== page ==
LAMBDA CEP (Lambda Cephei). Two and a half degrees northwest of, and almost completely overshadowed by, the famed variable Delta Cephei (of Cepheus, the celestial King) lies an example of one the rarer stellar types of the naked eye sky, or for that matter of the entire "normal" stellar population. Upon closer examination, rather anonymous looking fifth magnitude (5.04) Lambda Cephei reveals itself to be a crystalline blue-white class O (O6) supergiant with a flowing wind whose spectrum overlays that of the star itself, producing emissions from helium and nitrogen. At a great distance of 1980 light years (give or take a hefty 265), the star is rather heavily obscured by interstellar dust in the Milky Way. Were the line of sight clear, Lambda Cep would be an obvious third magnitude (3.3). For that matter, were it at Vega's distance of 25 light years it would shine at magnitude -6, four times the light of Venus at her best. A mean temperature of 36,400 Kelvin makes it a bit cool for the class. Stars like this one are so hot that they radiate most of their light in the ultraviolet. In the visual spectrum, Lambda Cep is some 15,000 times brighter than the Sun. In total radiation, however, the figure climbs to a whopping 440,000 Suns. It produces so much light per unit area that in spite of it being called a supergiant, Lambda Cep is only about 15 times bigger than the Sun. A high projected equatorial rotation speed of at least 240 kilometers per second gives it a rotation period of under three days. Of most interest is Lambda Cep's huge mass. Luminosity and temperature, along with the theory of stellar structure and evolution, give it 45 times the bulk of the Sun. Other estimates come as high as 60. In spite of its supergiant status, theory suggests that it is really a hydrogen-fusing dwarf. But not for long, as core hydrogen fusion at this mass lasts a mere 5 million years, a thousandth the present age of then Sun. After giving up hydrogen fusion, it will expand to true supergiant proportions: if the mass-losing wind, blowing at more than a millionth of a solar mass per year (a hundred million times the flow rate of the solar wind), lets it get that far. Certainly one of the grander stars of the Galaxy, Lambda Cephei seems to have little choice but to blow up as a supernova to create a neutron star or even to collapse into a black hole. The star seems single. But perhaps in once was not. Lambda Cep's motion indicates that about 2.5 million years ago it became a "runaway" from the Cepheus OB 3 association of hot stars, which centers about 2800 light years from us. (B or OB associations are expanding systems of massive and other stars that share giant birthclouds.) Indeed, it's moving at a good pace of 83 kilometers per second relative to us, some five times higher than normal.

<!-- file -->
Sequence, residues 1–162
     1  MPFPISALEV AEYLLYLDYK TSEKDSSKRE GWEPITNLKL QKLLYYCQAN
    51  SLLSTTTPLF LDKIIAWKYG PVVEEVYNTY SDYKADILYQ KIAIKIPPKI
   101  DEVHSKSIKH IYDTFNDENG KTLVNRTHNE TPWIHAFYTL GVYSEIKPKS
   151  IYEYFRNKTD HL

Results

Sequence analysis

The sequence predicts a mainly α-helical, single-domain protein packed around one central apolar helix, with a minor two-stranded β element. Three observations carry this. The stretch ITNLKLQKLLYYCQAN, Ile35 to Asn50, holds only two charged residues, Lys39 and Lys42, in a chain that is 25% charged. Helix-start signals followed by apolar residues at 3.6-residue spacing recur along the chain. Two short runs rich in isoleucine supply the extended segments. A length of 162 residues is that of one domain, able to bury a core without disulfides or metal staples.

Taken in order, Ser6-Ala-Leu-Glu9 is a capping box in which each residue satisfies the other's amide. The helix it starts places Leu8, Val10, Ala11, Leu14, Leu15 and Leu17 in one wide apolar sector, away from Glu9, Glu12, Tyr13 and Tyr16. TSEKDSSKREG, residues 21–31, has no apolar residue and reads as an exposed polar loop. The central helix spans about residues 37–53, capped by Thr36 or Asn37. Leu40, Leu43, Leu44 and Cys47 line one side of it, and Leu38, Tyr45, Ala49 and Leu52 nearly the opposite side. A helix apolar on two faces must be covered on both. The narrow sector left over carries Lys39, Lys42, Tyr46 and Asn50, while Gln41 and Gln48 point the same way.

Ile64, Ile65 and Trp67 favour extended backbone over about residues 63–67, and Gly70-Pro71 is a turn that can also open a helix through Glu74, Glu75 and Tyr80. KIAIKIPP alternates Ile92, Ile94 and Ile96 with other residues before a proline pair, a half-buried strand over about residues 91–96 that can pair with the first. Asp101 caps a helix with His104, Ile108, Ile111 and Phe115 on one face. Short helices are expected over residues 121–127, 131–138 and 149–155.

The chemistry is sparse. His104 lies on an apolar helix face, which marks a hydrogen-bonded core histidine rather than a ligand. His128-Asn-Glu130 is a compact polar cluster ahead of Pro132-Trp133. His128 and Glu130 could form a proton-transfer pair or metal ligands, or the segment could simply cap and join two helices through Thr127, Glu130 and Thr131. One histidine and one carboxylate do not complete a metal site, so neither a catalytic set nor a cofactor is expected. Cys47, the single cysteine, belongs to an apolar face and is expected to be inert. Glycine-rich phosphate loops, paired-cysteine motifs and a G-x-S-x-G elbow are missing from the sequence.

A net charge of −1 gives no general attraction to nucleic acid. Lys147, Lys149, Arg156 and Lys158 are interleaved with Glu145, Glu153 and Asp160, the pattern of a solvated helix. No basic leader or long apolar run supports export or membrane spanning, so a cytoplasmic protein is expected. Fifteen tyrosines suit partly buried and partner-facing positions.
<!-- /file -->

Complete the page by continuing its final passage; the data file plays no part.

Lambda Cephei As Lambda Cephei, indicated by the circle, moves down and to the right, it sends a shock wave in front of it through the surounding gases. (From a paper by V. V. Gvaramadze and A. Gualandris in the Monthly Notices of the Royal Astronomical Society.)

Runaways seem to be caused by one of two mechanisms. Such a star perhaps once had a more massive companion that blew up first, a sideways kick to the supernova sending them screaming away from each other. Or it could have been ejected by interaction within a multiple star, rather like what happened to Mu Columbae and AE Aurigae. Lambda's motion actually produces a shock wave in the surrounding gases something like the bow wave off a speeding boat or the sonic boom that follows a supersonic aircraft, leaving little question as to its course. (Thanks to Bas Verhagen, who suggested this star.)
Written by Jim Kaler 9/14/12. Return to STARS.